Fig. 7 Sunlit Path Oil on board 8 x 12 inches Signed lower right

Fig. 6 Close of Day Oil on canvas 12 x 16 inches Signed lower right

In 1913, Wolff had a solo exhibition in New York at the Yorkville Library, located on 79th Street. It was through the German Association for Culture. He would continue to exhibit with the Two-By-Four Club through 1914

and was also included in a Special Exhibition of Missouri Painters Arranged for the Delegates of the Senate Federation of Women's Clubs in 1919. While he lived well into the 1930s, the art world was beginning to change with the advent of modernism in the early nineteen-teens. Gustave Wolff 's paintings of tonal winter sunsets, docks along Manhattan's East River, cityscapes, and pastoral scenes of city parkland really belong to the previous generation of artists. In spite of this, Wolff remained true to his love: Nature. This led one astute critic to write of him, "Of rather retiring disposition, Mr. Wolf 's [sic] best friend, confidant and master is Nature, to whose counsels he listens and whose moods and beauties he interprets with a masterly hand, guided by the heart and mind of the true artist."11

-Marshall N. Price

Fig. 8 High Bridge, NY Oil on canvas 16 x 12 inches Signed lower right

Fig. 9 Late Afternoon Promenade Oil on canvas 12 x 16 inches Estate stamp verso

Fig. 10 Washington Heights Bridge, NY Oil on canvas 12 x 16 inches Signed lower right

Fig. 11 Approach to Eads Bridge Oil on canvas 12 x 16 inches Estate stamp verso

Fig. 12 Under Eads Bridge, 1900 Oil on canvas 12 x 16 inches Signed and dated 1900, lower right

footNotes

1

Frederick Oakes Sylvester, "The Two-By-Four Club," The Mirror 3 May 1906: See Julie A. Dunn-Morton, "Art Patronage in St. Louis, 1840 ­ 1920: From Betty Jean Crouther, "'The Artist Sings for Joy' Frederick Oakes Sylverster and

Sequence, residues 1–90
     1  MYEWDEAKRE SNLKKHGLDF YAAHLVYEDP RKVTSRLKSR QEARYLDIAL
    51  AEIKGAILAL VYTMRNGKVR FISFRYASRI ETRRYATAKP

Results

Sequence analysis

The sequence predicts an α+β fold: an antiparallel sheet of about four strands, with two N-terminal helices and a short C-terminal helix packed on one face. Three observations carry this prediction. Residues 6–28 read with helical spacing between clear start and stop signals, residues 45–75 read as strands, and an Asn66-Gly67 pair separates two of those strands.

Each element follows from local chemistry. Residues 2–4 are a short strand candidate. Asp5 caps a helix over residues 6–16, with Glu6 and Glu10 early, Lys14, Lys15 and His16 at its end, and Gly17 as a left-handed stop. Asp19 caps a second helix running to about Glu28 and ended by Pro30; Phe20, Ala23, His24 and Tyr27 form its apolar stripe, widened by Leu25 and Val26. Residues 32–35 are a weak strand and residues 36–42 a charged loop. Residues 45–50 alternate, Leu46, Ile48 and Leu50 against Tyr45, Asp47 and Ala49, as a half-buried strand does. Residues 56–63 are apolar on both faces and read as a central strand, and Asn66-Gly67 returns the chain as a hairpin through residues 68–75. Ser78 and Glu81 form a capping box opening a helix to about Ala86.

16.

2

Private Homes to A Public Museum" (Ph.D. diss. University of Delaware, 2004).

3

Landscape Painting in St. Louis" (Ph.D. diss. University of Missouri-Columbia, 1985): 97.

4 5

Pinx, "The Artists' Guild," The Mirror 30 May 1901: 12. The Artists' Guild had been founded in 1886, the Society of Western Artists in

1896 and the Two-By-Four Club in 1906. Another organization, the Society for the Promotion of St. Louis Art, was formed after 1904 in order to specifically purchase work from local artists. The second painting purchased by the Society was a Wolff landscape.

6

Fig. 13 Washington Square Park, NY Oil on board 8 x 12 inches Signed lower right

Charles M. Kurtz, "Artists' Guild Pictures," The Mirror 10 April 1902: 13. George Julian Zolnay, ed., Illustrated Handbook of the Missouri Art Exhibit Made

7

under the Auspices of the St. Louis Artists' Guild (St. Louis, MO: The Missouri Art Commission, 1905): 21. Wolff won a silver medal for one of his landscapes.

8 9

Maurice Godwin, "St. Louis Artists' Exhibition," The Mirror 18 October 1906: 5. St. Louis Public Library, artist files, The Mirror, unidentified newspaper clipping, "Kindly Caricatures No. 112," The Mirror 13 June 1907: 7. St. Louis Public Library, artist files, Post-Dispatch, unidentified newspaper St. Louis Public Library, artist files, "Gustave Wolf" unidentified newspaper

n.d.

10 11

clipping, n.d.

12

clipping, n.d.

Fig. 14 The Park in Winter Oil on board 8 x 12 inches Estate stamp verso

Inside back cover Fig. 15 Winter, Rooftops Oil on canvas 12 x 16 inches Signed lower right

Back cover Fig. 16 Carondelet Park, 1899 Oil on board 8 x 12 inches Signed and dated 1899, lower right; inscribed with title, verso

74 East 79th Street, Suite 3A-B, New York, New York 10021 | Telephone: (212) 731-0550 [email protected] | www.hawthornefineart.com | Hours: Tues-Sat 10am-6pm & by appointment